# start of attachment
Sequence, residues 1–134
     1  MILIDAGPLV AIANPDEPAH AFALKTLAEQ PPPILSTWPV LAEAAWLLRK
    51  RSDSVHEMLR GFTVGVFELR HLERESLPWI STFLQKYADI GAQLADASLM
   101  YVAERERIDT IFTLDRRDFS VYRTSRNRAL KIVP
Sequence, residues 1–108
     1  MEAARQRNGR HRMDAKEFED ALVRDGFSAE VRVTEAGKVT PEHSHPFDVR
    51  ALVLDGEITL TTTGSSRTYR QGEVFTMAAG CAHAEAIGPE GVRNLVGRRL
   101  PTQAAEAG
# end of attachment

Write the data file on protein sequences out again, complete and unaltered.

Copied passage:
Sequence, residues 1–134
     1  MILIDAGPLV AIANPDEPAH AFALKTLAEQ PPPILSTWPV LAEAAWLLRK
    51  RSDSVHEMLR GFTVGVFELR HLERESLPWI STFLQKYADI GAQLADASLM
   101  YVAERERIDT IFTLDRRDFS VYRTSRNRAL KIVP
Sequence, residues 1–108
     1  MEAARQRNGR HRMDAKEFED ALVRDGFSAE VRVTEAGKVT PEHSHPFDVR
    51  ALVLDGEITL TTTGSSRTYR QGEVFTMAAG CAHAEAIGPE GVRNLVGRRL
   101  PTQAAEAG